Related: These Strategies Help Entrepreneurs Combat Anxiety and Depression

Reduce, resell and recycle is good for the environment.

Many businesses claim to be green. Gone For Good was recently recognized by the Denver Metro Chamber of Commerce for their eco-friendly business model. Their goal is to keep items out of the landfills by finding them new homes or recycling them.

Related: How Business Leaders Can Tackle Anxiety in the Workplace

The most important aspect of Gone For Good

I asked Reid what he feels is the most important aspect of what his business provides. He said, "Seniors that are downsizing want to feel good about where their items go. They feel better when they know their items won't go into the landfill and can live on for someone else." He added, "Family members are overwhelmed when they have to move mom or dad. We can do in one day what may take the family weeks to do. This allows them to move on to the next phase of their lives."

These words of wisdom will come in handy for anyone that is in a business that works with seniors. The senior market is growing by the day and any business that offers innovative products or services to these individuals are in the right place at the right time. Reid recently began franchising to expand his business across the country to meet the need in other markets.

Rick Grossmann

Entrepreneur Leadership Network® VIP

Founder, Author, and Head Coach

Rick has been involved in the franchise industry since 1994. He franchised his first company and grew it to 49 locations in 19 states during the mid to late 1990s. He served as the Chief Executive Officer and primary trainer focusing on franchise owner relations and creating tools and technologies to increase franchisee success.

Rick developed and launched his second franchise organization in 2003. He led this company as the CEO and CMO growing to over 150 locations in less than three years. He developed the high-tech/high-touch franchise recruiting and sales system.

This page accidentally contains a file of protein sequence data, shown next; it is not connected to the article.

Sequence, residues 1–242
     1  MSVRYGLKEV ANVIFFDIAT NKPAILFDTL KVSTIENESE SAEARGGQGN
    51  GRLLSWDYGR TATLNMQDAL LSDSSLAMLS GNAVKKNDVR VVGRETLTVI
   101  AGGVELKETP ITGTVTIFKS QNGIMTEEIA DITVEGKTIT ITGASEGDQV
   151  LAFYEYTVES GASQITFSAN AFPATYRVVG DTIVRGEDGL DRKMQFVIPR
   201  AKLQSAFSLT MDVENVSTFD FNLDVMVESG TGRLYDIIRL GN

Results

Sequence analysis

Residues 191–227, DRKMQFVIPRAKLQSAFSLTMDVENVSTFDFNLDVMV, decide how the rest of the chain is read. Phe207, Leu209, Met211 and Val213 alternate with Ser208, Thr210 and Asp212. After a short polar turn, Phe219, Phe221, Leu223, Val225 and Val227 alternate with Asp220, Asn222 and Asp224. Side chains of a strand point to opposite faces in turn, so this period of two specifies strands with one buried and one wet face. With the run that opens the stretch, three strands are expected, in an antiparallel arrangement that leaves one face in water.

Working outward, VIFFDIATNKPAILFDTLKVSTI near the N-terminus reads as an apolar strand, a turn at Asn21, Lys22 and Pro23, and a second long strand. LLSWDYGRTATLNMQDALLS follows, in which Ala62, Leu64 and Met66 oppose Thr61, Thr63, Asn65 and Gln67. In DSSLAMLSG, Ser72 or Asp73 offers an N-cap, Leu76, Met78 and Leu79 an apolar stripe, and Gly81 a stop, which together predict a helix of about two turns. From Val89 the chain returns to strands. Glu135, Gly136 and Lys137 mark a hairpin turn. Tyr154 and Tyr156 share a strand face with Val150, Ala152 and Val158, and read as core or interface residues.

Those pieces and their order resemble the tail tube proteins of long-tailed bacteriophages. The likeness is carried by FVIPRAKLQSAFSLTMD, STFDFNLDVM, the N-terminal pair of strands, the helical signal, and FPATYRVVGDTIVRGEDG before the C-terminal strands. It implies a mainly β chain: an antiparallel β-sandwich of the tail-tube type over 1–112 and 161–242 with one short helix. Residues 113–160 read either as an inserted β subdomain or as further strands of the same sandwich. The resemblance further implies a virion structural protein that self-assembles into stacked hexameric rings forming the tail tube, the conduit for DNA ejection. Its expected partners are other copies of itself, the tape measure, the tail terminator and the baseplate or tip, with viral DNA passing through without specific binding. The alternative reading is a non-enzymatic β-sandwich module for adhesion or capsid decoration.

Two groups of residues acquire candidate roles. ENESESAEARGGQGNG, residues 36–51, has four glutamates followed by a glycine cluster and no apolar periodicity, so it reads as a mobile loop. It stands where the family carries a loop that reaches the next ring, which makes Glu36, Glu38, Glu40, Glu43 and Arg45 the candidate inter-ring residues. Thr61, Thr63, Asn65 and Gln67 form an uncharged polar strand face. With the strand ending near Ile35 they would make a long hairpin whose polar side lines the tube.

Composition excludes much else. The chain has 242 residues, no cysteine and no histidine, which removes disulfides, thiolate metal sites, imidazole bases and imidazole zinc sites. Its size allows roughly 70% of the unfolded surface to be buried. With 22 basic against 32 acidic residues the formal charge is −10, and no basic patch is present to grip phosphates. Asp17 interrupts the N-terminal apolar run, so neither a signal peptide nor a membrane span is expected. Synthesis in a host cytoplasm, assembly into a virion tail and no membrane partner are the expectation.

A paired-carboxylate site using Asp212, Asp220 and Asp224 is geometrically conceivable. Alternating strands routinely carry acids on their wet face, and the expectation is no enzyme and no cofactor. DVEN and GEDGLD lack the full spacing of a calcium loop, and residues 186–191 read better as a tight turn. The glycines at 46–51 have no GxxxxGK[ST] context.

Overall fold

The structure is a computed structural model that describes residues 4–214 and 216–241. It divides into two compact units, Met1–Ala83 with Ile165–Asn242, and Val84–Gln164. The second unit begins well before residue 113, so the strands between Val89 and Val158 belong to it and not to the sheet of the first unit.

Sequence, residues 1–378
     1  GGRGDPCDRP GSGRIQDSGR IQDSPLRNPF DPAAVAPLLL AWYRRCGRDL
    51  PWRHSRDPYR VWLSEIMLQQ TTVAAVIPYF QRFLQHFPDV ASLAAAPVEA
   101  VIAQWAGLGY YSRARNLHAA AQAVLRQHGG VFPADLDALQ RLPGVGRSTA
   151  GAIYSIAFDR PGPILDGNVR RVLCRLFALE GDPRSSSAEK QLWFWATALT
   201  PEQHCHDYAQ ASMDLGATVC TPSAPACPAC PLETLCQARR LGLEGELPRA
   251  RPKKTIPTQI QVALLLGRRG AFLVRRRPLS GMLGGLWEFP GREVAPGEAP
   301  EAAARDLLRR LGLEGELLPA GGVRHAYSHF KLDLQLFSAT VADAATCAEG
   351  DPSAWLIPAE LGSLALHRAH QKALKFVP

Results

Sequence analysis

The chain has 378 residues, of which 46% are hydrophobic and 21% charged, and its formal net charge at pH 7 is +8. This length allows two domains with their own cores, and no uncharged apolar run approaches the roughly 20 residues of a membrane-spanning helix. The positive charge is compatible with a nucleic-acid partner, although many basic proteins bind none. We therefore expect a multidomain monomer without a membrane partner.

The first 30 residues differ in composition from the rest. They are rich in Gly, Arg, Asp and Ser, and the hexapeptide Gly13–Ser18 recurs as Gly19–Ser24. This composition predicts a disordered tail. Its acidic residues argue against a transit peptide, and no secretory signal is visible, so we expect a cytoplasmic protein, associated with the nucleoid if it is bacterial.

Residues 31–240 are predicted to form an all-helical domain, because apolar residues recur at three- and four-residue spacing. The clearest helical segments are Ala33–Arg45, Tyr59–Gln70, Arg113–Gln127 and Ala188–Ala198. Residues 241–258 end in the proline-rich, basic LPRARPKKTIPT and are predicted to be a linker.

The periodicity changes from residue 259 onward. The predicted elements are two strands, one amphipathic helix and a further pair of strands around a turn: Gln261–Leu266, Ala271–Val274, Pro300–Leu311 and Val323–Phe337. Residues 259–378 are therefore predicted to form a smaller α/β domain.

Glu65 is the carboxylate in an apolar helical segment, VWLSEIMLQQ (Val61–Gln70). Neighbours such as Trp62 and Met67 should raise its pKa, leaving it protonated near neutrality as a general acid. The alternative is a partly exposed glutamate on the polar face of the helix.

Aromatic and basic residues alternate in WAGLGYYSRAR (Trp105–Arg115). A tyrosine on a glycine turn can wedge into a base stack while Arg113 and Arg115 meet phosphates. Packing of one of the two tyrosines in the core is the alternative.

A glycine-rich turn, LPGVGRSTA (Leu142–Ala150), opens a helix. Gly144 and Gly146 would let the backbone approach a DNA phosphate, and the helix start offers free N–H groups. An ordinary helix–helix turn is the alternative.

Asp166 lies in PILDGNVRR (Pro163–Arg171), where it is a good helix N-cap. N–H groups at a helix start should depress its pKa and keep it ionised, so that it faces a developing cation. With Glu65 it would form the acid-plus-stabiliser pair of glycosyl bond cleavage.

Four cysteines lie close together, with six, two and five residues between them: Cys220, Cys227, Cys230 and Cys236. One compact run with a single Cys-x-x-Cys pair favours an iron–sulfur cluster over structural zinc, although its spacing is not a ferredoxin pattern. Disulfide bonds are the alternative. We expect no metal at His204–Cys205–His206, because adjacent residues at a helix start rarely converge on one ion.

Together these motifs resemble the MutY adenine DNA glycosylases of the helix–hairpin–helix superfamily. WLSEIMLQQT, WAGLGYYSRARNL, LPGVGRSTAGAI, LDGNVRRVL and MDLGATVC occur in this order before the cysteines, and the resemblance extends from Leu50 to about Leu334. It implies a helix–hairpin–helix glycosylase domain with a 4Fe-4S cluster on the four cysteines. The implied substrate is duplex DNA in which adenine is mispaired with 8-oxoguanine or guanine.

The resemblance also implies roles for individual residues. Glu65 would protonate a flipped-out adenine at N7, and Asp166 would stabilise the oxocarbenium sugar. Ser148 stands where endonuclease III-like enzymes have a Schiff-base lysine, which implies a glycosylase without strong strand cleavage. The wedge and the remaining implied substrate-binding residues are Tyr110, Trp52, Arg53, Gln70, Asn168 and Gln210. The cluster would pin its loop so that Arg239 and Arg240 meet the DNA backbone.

Both companies achieved rankings on Entrepreneur magazine’s Franchise 500 list. During this period, Rick served as a business and marketing consultant to small businesses and multimillion-dollar enterprises. He also consulted with franchise owners and prospective franchisees, franchisors, and companies seeking to franchise around the world.  Franchise Bible Coach has been voted a top franchise development firm in Entrepreneur's 2023 Top Franchise Suppliers ranking.

Rick is the author of Entrepreneur Magazine's Franchise Bible series, and his 9th Edition was released worldwide in April of 2021. He is also a contributing author to Entrepreneur magazine and other industry publications on franchising and business.

He currently heads up the Entrepreneur Franchise Advisors program, serves as an executive coach and strategist for multiple franchise clients, has been voted as one of the Top Global Franchise Influencers consecutively since 2021, and is the co-host of the Franchise Bible Coach Radio Podcast.